Physical sciences really does not require that pure "sciencey brainpower"; rather its a test of how well you understand basic principles and how much practice you've done. You simply can't make AP level chem(gen chem) and algebra based physics conceptual and a test of brainpower past a certain point when those subjects are so watered down and simplified for the MCAT. Repetition and memorization count here. In many cases, not getting a satisfactory score can speak to a lack of preparation or to not preparing the right way. The Bio does get at science brainpower more than the PS but I think this is another section where studying helps alot and there are alot of learnable tricks. The thing with bio is you can speed up your comprehension speed and ability tremendously by being very familiar with a subject. Part of what throws people off for verbal is they don't explicitly give you a list of topics to study(ie impact of Piccasso, Reconstruction period through the lens of philosophers etc). Well you get that topic list for Bio.

Overall its definitely more common to have your 12/8/12 type breakdowns than your 8/12/9 breakdowns on the old scale. Getting a 11/11/12 or 12/11/12 would give you a 34 or 35 on the old scale which would be high scores competitive even for some top tiers. But maintaining that same kind of performance on verbal is what's difficult; that's why you get alot of 12/8/11 and 11/9/11 type showings which are 31's and mostly only really competitive for lower tiers. Past a certain point, what you are saying of natural ability and luck does come into play for getting a 13+ on a section of any kind. But the verbal was the limiting factor and I think the introduction of psych/soc adds another section with similarities to CARs.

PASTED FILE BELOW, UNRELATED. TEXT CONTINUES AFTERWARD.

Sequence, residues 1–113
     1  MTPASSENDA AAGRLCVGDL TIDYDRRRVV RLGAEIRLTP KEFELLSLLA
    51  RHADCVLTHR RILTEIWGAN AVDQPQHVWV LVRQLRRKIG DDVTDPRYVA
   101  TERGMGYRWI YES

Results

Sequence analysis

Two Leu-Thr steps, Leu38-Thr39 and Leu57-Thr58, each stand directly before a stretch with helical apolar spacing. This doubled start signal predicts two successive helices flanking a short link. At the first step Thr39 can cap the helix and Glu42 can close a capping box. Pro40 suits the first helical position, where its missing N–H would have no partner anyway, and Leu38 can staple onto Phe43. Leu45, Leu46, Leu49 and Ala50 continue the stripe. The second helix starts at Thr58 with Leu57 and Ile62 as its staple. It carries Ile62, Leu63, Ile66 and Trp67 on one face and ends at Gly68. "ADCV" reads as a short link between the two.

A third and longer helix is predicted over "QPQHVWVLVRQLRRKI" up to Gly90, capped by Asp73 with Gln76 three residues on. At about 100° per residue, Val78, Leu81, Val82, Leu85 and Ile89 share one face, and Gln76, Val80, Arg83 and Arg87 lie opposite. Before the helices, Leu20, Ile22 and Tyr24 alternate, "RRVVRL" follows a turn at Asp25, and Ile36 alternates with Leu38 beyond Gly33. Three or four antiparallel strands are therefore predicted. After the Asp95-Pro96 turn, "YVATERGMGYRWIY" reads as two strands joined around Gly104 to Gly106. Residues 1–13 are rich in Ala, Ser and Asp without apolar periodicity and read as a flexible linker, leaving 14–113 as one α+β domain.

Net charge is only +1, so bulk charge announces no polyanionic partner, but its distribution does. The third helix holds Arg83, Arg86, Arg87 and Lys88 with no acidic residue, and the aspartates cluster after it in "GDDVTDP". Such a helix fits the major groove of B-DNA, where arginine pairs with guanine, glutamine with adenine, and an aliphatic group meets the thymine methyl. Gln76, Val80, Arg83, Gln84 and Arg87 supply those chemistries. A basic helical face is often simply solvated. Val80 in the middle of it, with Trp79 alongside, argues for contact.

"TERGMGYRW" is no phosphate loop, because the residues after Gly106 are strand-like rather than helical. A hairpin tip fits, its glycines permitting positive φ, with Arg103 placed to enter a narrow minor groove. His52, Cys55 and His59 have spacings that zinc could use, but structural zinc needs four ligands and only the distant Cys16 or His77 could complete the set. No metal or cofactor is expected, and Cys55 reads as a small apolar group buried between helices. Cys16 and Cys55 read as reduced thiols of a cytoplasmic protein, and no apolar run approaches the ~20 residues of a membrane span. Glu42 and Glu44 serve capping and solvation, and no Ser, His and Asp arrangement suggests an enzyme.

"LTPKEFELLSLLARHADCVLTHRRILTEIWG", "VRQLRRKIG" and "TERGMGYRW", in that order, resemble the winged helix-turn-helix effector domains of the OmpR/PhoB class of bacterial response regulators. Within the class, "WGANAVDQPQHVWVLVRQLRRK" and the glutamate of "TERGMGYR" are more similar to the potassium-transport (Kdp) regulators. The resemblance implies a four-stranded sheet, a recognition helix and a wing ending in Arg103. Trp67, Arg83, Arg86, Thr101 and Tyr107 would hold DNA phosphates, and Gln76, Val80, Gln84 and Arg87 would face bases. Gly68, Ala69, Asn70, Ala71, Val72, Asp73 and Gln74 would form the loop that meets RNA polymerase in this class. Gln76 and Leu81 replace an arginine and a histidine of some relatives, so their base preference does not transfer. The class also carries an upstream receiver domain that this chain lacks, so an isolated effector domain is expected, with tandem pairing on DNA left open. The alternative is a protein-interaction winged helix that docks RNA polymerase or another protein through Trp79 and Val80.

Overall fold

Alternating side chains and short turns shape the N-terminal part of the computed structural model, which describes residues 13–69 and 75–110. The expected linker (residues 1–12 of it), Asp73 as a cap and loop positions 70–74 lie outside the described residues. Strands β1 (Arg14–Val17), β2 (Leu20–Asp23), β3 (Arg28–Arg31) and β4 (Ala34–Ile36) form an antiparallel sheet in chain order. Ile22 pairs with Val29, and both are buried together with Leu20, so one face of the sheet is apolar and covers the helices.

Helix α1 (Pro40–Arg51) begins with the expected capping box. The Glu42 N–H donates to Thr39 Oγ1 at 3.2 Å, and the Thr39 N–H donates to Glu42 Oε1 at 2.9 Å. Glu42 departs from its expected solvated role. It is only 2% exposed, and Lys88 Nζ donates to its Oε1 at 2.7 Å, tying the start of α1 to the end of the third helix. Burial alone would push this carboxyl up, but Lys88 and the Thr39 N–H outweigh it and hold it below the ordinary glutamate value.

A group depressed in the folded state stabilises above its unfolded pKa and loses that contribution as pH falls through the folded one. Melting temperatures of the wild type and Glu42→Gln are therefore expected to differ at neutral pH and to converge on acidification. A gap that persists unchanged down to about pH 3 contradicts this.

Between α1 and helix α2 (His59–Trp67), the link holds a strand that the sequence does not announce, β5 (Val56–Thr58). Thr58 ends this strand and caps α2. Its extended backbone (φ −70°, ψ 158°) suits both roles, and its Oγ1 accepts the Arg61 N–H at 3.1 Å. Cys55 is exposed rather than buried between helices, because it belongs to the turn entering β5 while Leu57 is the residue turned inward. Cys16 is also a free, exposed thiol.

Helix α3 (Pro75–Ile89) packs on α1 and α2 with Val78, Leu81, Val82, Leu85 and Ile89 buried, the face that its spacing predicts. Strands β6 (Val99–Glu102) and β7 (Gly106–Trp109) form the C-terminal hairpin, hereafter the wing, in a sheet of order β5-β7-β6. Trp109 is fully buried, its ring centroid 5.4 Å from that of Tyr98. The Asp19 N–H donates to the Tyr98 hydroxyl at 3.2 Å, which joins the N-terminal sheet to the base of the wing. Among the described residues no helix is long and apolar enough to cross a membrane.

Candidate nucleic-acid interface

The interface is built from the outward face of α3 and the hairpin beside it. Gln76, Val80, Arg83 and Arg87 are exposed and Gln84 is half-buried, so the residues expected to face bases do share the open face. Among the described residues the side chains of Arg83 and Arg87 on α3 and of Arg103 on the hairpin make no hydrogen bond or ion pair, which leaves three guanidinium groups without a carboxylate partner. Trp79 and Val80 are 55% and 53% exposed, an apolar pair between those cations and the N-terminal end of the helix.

The one thing you gotta remember is that for the old test over 40% of people on the old test got a 10+ in bio and 1/3 a 10+ on the PS). While I don't think everyone is capable of hitting a 10 or double digits on the sciences for the old MCAT; I think many pre-meds capable of getting half decent grades are with the right preparation. It's the CARs and now the psych/soc that I feel throws more people off and where it is hard to improve past a certain point and natural ability really comes into play. That's why I think not all pre-meds are capable of getting beyond a score of say 28 which would be a 10/8/10 type score but until that point of 28 I think there are a large number that are, even amongst the ones that don't.